A Grandmother's Dream

A Grandmother's Dream

I am just coming back to earth after a wonderful long weekend of celebrating the Bar Mitzvah of my oldest grandchild. Of course, he was remarkable, poised, and beautifully prepared. Seeing him on the Bimah in his blue blazer, rep tie and button-down collar had an air of unreality. It was just “five minutes ago” that he and I were introduced, as he was being wheeled out of the delivery room by his Dad. That night, our eyes met, the newborn’s and the new Grandma’s. It seemed to me that he looked around eagerly, a little Columbus who had just happened upon this new world. I imagined that I heard him say, “Oh, so you are the Grandma, huh? That’s cool!” or as he would put it today, “Sweet!”

The Bar Mitzvah was special because it was his, my first grandchild’s, and also because he did so beautifully. Then too, there was the icing on this delectable cake. The synagogue was peopled with family who had come from far and wide. There were crawling babies, vocal toddlers, and little cousins in party outfits. My almost 4-year-old grandson was all decked out in a striped shirt, tie and jacket; other young cousins from across the country were scrubbed for the occasion. The Bar Mitzvah boy’s 2nd-grade sister was a stunning sight in pink and white. She had prepared me in advance. “You know, Grandma, there will be lots of 7th graders (i.e., big kids) at the party.” Smiles spread across all adults’ faces as we found each other a row or two or more away, smiling eye contacts, throughout the service. What a happy day! Everyone there wanted to be there. How rare!

Then came the party, which had been so thoughtfully planned with the comfort of all in mind by my daughter. Speaking of pride, she and my son-in-law filled me with an abundance of it. They arranged the rooms so adults could sit away from the break-dancing 13 year olds and ear-piercing disc jockeys with screaming mikes. We ventured in and out of the kids’ room where hot pretzels, little pizzas, little hot dogs and big hamburgers beckoned. I had to watch my almost 4-year-old grandson doing his moves without even sending his striped tie askew. So cool, as if he always dressed this way. His baby brother watched wide-eyed, from his stroller, bouncing his approval to the relentless beat. Then back to the relative calm of the adult tables in time to greet a 6-year-old cousin excited to show his parents his prize--a 7-foot-long pretend snake. Talk turned to the challenge of getting this creature onto the plane heading back to Seattle.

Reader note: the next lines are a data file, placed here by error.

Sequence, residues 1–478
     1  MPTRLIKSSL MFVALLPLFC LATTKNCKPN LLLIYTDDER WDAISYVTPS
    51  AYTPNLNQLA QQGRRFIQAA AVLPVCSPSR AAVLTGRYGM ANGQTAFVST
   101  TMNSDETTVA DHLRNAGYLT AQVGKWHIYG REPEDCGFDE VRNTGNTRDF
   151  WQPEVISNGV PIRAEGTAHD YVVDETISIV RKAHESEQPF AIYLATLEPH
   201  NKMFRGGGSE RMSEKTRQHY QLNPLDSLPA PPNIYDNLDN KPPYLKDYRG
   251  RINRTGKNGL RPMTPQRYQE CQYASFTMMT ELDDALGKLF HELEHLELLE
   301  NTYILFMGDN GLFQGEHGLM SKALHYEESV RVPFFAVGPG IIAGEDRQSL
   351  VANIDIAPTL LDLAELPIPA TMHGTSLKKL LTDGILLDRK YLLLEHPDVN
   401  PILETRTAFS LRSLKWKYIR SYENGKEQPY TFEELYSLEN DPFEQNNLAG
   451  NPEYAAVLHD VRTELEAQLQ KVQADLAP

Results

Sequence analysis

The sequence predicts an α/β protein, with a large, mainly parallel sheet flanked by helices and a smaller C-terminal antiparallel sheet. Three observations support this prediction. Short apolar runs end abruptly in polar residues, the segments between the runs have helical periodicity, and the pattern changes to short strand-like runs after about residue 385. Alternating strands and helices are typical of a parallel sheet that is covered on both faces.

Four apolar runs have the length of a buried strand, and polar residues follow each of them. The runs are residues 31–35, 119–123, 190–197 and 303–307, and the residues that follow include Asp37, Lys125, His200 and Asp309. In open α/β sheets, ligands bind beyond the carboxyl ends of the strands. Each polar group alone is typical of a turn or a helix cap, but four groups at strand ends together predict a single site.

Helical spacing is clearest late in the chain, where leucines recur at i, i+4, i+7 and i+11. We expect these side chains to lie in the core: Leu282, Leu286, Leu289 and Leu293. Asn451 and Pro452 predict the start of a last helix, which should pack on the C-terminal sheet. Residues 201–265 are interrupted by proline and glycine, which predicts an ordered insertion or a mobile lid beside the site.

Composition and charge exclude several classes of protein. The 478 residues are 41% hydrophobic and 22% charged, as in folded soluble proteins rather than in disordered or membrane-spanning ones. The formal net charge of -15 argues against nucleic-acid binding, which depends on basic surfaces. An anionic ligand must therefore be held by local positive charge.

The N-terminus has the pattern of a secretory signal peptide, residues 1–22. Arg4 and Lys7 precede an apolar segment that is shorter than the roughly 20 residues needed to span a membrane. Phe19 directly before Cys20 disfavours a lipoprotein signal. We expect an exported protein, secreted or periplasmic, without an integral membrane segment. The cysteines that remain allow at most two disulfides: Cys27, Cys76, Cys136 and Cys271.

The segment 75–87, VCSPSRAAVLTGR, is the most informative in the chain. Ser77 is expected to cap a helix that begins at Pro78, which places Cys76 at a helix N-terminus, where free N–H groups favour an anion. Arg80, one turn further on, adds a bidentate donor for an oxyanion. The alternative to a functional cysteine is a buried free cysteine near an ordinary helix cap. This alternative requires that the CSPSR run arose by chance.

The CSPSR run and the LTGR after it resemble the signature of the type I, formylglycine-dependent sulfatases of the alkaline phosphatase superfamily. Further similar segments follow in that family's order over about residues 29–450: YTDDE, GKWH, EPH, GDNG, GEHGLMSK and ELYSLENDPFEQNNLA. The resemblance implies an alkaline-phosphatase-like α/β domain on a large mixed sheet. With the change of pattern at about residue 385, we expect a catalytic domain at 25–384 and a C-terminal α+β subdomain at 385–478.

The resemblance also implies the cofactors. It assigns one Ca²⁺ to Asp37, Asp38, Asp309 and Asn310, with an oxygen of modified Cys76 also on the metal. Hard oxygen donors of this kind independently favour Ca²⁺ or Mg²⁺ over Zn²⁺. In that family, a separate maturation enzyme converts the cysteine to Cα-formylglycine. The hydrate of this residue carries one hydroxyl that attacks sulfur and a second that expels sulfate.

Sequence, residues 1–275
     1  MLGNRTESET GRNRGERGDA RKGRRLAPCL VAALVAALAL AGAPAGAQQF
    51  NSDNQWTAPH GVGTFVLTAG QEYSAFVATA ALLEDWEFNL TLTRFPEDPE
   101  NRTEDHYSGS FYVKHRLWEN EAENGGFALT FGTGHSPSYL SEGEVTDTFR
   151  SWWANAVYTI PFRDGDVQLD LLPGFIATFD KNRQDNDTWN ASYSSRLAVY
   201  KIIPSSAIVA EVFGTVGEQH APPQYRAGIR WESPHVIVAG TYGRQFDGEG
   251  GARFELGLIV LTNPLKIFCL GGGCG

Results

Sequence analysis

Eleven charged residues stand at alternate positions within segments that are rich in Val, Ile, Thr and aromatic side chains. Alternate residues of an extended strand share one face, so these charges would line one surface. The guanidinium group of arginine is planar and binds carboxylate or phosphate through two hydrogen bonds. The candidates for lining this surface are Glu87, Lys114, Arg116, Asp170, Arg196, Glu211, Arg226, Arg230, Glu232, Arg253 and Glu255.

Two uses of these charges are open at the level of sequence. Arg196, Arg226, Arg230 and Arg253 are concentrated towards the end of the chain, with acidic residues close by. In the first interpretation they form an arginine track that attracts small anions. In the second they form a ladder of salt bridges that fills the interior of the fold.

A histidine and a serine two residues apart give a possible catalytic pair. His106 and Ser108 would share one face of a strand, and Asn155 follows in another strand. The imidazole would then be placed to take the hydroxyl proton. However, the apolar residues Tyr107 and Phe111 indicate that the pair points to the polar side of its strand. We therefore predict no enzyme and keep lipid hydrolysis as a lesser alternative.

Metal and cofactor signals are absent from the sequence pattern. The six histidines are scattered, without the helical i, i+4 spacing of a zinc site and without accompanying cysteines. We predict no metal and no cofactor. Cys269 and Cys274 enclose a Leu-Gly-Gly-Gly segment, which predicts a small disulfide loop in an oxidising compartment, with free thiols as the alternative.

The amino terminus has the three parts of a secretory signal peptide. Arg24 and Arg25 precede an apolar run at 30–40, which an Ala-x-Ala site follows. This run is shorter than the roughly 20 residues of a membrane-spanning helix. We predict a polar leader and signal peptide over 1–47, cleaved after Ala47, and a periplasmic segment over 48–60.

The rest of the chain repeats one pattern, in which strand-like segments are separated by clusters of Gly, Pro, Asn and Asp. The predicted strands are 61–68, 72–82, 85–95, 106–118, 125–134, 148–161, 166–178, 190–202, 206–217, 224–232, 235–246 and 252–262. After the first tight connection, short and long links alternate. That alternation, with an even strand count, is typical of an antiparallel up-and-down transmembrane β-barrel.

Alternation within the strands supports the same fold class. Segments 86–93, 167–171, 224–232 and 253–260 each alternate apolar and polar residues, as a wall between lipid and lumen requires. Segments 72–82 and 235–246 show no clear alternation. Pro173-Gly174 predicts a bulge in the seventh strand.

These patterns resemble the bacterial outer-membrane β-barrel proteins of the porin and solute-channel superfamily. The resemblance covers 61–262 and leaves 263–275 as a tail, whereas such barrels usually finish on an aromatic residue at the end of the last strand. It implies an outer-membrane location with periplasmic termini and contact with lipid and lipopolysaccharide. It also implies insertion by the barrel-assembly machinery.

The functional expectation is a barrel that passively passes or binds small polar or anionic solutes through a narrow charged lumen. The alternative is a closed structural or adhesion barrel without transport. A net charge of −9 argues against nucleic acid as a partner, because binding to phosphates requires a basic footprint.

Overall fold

At 5 PM, several who didn’t want the party to end accepted an invitation to stop by the Bar Mitzvah family’s home. After pizza and more laughs there and some hoops over the garage for the boys, the party moved to our house. We lingered a while longer. Several people said, “What a lovely day!” It was not easy to let it end.

April 15, 2008

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Comments

MAZEL TOV! Much Nachas!

Mazel Tov indeed! That's great news. It sounds like it was a lot of fun.

Thank you, Els and Beth. It sure was; and I have been thinking about why it was pure fun in contrast to the complex emotions experienced during my own children's Bat and Bar Mitzvahs, not to mention their weddings. There was much joy and "nachas" at those events too, of course. But this is very different, as is the entire experience of grandparenting vs. parenting. For the parent of the star of the day, the buck stops with you. Witness the audible sigh of relief from my daughter when her son had completed his masterful job. On this occasion, however, I had no responsiblity (beyond stumbling through an Aleia along with my husband--to the delight of all the grandkids, nieces and nephews). Our achievement was simply making it to the big day, relatively unscathed by life's wear and tear. The meaning of it all became crystal clear, for the first time. I had known the words, of course, but now I experienced the meaning---the powerful and comforting message of continuity---from my grandparents to my parents to me, to my kids and now this adorable grandson; We are connected. How great is that for a devotee of "emotional attachment?"

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